Who's In It: Jake Gyllenhaal, Anne Hathaway, Oliver Platt, Hank Azaria, Josh Gad, Gabriel Macht, Judy Greer, George Segal, Jill Clayburgh
The Basics: He's a Big Pharma sales stud and she's a foxy Parkinson's patient with a fear of commitment that surpasses even his. Together they take off their clothes. A lot. Then they fall in love and have to decide what's really important. Answer: looking good even while fighting, sick and distressed. Can he love her when her illness degenerates? Can she let him in even though she's scared? Will he always work for the people who are actually making her life more difficult? You're allowed not to care.
What's The Deal: It's tough to love a movie that pretends to tackle real-life issues but trades in its nerve for cuddliness and a warm bath of unreality. Hathaway's seemingly health-insurance-less artist manages to pull wads of cash out of her pocket (literally) to pay for her treatments and Gyllenhaal's empty salesman is used alternately to play off Hathaway's pain and to set up silly comic scenes of people screaming and grasping at him and his brand-new wonder drug Viagra (It's set in the 1990s, Spin Doctors songs and all.) The love-fixes-everything message is sweet enough if you're not in the mood to dig deeper, but it's no less a slap in the face for anyone in the audience who can't afford their copay.
The Percentages: 3% heartfelt third-act speechifying by Gyllenhaal. It's the one truly emotional moment of the movie and, though the rest of it doesn't earn his grand declaration, it works anyway; 27% comedy that'll cause you to smile warmly instead of laugh out loud; and 70% drama that doesn't really bite hard enough at the Death Star that is the health care industry and the pharmaceutical industry. No one went to see Sicko, after all, so this obviously liberal-minded movie that seems to have more on its mind than most romantic comedies could have stabbed a little more pointedly than it dares, especially given its Cadillac insurance package mindset that teeters dangerously on being smug and self-satisfied.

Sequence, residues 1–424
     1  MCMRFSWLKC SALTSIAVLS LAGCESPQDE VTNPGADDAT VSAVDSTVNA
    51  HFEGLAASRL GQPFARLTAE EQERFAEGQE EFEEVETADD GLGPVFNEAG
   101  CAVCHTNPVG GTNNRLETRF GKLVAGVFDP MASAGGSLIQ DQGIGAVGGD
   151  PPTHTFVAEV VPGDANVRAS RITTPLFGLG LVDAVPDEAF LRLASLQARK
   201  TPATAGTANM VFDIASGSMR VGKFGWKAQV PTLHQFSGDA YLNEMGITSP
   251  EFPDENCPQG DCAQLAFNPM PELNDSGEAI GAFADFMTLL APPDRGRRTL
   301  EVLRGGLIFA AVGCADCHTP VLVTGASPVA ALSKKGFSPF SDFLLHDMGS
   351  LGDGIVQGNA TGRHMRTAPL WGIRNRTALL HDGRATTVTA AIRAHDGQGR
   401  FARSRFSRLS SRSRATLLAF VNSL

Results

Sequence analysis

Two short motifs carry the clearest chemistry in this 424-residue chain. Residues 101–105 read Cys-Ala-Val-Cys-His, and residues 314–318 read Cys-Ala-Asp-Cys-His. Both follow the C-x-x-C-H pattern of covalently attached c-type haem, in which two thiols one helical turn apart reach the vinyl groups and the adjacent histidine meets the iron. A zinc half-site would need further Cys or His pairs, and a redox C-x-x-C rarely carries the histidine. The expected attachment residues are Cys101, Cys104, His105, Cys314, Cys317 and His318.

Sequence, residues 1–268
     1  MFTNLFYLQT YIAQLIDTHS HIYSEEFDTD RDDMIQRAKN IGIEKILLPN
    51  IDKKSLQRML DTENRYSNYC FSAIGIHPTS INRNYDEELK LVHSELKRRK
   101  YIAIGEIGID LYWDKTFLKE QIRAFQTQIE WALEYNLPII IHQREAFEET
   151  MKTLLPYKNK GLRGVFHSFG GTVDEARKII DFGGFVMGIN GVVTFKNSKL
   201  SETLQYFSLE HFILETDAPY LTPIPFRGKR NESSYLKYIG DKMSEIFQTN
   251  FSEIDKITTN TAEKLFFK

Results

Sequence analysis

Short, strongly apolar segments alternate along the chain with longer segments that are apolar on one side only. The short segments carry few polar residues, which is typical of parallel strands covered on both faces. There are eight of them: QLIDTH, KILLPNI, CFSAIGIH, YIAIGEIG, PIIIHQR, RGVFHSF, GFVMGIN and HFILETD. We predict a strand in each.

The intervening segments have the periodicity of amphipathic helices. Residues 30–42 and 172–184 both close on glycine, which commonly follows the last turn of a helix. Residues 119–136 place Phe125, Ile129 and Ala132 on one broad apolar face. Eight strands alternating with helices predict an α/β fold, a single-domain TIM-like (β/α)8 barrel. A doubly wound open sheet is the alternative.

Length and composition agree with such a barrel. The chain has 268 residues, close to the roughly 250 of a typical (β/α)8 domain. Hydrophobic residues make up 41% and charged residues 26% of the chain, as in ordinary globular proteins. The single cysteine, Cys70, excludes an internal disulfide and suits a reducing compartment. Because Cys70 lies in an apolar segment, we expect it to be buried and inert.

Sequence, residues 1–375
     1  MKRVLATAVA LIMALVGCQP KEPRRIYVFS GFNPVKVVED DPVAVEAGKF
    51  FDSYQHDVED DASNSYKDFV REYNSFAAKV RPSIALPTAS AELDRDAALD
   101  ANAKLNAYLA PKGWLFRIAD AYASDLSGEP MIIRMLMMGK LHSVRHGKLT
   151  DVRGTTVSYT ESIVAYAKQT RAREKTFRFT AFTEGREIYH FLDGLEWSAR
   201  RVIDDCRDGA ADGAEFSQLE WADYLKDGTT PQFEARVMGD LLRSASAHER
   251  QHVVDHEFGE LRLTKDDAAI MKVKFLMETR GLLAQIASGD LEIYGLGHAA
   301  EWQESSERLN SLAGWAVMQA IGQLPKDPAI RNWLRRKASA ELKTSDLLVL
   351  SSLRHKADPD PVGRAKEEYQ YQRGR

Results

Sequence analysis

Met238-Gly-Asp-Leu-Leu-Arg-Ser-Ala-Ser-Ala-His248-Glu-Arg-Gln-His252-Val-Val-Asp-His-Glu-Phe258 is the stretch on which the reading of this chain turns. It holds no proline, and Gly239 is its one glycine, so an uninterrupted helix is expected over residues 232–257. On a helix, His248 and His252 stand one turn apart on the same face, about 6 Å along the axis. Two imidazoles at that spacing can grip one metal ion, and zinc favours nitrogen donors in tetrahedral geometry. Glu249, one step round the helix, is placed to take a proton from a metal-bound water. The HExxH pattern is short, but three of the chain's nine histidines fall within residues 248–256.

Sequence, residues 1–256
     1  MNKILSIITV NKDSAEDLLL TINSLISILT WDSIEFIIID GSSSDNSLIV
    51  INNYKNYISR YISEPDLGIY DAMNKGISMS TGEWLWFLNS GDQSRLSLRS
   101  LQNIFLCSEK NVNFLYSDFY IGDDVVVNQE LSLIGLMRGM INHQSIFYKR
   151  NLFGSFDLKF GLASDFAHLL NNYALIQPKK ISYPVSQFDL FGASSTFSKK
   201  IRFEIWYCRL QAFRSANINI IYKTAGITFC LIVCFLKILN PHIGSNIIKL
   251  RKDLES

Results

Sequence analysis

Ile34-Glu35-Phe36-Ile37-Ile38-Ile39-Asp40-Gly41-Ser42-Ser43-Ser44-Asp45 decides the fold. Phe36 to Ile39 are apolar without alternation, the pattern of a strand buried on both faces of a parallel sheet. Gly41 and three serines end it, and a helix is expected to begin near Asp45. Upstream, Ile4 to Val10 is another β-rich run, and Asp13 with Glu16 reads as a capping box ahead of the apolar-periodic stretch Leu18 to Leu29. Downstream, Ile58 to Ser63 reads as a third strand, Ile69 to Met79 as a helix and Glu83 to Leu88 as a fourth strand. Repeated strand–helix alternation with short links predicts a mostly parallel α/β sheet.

Why That 3% Bit Works: Hathaway and Gyllenhaal. She's almost always on point, even when she's overdoing it like in Rachel Getting Married. Without a good director or someone like Hathaway or Heath Ledger to stand next to, he's no one's idea of a great actor, but what he can do well is smile, crinkle his face up, flirt with everyone screen and off and make you believe he loves you and only you. That's all he has to do.
See It For: The nakedness. I know that sounds like a leering joke, but it's not. Hollywood has retreated from the boldness of the adult dramas of the 1970s, when everyone felt like breaking rules. Now almost all the actors have no-nudity clauses in their contracts. Why bother with sex scenes at all when they come saddled with weirdly distracting elements like bras left on and strategic junk-concealing vase placement. It takes you right out of the movie, noticing what you're not seeing more than what you are. And this movie involves lots of sex, so the two leads deserve praise for agreeing to really go there.